You know, that kind of comment isn't new. Our prestigious founding fathers had huge reservations about the ability for the common man to effectively vote on large scale matters intelligently. That's part of the reason we have the electoral college. Also restrictions like land ownership and the like we're put in place so the poor people wouldn't rise up and vote to take all the rich people's money.
Of course other reservations have come along. People didn't trust freed spaces to vote intelligently or in the best interests of (white people) everyone. So they devised measures to keep them from voting. And women of course couldn't be trusted, so they weren't allowed to vote, until they won the right to.
Everytime we talk about restricting voting access, or putting in measures that would indirectly prohibit people from voting, there are always sensible reasons behind them that basically come down to: I dot trust these people to have a hand in making decisions, also, they disagree with me, so they're wrong.
A test at the booth you say? Well who writes the questions? We still can't get a standardized test for high school kids that is race and gender neutral. And who grades the tests? You'd limit the liberty we all hold so dear far more than if you allow people who are probably uninformed to vote. It's pretty common knowledge that you're a huge Ron Paul guy. Wouldn't it be more in line with libertarian philosophies to just let everyone vote? To let the market, as it were, decide? Shouldn't it be our right as a nation to let the chips fall where they may, with the implication being that if the stakes reallly were that high, we'd recognize this fact and vote with our feet?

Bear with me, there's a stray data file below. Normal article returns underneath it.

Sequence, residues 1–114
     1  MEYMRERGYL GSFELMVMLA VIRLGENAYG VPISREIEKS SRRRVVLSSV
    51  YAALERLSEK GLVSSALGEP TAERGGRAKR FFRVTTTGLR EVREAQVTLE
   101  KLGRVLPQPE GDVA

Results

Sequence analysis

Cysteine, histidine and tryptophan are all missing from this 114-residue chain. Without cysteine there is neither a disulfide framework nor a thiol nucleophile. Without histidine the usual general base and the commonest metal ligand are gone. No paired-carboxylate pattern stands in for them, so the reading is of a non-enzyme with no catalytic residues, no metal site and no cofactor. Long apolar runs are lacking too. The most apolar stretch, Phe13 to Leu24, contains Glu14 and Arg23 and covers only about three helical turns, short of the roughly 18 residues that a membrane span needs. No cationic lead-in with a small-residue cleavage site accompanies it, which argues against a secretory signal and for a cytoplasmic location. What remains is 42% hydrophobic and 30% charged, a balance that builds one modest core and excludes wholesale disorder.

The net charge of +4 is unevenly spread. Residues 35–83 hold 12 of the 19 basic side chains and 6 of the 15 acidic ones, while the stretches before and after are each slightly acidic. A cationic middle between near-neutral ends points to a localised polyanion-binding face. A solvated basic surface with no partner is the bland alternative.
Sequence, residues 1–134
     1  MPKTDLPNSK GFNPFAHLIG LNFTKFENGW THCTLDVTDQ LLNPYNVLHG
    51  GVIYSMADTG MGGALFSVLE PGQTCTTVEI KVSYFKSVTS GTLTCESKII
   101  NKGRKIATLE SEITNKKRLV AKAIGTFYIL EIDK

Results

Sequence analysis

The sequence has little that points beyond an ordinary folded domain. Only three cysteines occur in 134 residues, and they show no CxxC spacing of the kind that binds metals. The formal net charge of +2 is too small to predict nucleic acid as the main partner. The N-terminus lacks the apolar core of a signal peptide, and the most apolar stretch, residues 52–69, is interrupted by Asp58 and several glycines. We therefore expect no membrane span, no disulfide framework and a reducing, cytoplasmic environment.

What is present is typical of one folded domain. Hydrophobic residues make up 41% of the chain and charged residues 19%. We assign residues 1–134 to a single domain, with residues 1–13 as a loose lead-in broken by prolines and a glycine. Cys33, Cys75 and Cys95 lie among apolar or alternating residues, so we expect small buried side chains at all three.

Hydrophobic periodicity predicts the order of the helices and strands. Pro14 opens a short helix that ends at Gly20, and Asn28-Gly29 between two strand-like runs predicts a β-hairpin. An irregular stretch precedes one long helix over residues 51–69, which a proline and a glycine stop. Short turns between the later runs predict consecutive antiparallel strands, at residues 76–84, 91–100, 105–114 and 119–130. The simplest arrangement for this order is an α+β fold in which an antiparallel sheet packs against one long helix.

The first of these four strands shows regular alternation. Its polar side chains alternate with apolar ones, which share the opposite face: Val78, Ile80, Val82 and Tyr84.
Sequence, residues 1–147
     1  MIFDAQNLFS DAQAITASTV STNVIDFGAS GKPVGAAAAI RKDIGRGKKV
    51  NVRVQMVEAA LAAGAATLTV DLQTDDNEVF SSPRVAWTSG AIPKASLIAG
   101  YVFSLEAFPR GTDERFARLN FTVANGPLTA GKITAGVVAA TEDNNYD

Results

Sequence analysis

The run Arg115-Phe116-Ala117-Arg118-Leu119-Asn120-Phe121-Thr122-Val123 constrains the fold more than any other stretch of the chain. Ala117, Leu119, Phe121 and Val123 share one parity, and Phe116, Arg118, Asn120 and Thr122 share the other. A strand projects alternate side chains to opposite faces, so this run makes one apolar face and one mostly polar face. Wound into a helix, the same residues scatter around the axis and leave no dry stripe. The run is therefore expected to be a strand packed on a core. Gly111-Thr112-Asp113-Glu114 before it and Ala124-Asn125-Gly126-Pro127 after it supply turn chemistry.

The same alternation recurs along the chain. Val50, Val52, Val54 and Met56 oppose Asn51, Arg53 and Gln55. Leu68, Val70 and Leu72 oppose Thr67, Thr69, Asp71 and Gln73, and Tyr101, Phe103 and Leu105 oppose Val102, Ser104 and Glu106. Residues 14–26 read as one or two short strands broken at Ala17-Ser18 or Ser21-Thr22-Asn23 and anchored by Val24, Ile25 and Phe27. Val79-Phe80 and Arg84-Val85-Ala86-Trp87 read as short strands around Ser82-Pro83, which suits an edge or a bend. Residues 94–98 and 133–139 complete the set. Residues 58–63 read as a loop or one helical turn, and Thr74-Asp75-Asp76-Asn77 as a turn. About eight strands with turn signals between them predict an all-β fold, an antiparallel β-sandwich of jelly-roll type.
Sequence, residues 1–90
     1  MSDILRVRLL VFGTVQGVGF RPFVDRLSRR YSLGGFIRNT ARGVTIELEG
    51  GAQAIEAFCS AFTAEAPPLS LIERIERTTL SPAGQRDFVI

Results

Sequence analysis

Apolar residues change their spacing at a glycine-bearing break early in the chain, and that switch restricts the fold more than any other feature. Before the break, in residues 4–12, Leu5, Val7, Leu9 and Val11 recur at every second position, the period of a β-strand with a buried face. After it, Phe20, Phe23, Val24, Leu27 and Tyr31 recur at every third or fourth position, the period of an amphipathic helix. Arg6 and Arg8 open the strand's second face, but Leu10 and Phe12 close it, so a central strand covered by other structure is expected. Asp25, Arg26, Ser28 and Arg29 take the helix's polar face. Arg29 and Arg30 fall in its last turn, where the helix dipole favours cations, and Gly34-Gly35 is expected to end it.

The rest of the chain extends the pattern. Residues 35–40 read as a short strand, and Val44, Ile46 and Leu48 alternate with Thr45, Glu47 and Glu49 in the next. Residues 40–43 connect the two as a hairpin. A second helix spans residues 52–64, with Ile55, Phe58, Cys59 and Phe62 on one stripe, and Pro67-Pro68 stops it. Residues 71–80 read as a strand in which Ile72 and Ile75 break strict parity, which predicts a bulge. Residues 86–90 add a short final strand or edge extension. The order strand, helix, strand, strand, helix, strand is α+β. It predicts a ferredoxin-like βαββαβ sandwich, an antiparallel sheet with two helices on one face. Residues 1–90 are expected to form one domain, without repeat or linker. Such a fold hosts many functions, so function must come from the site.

People are uninformed, but you correct that through education, not through prohibiting their right to vote.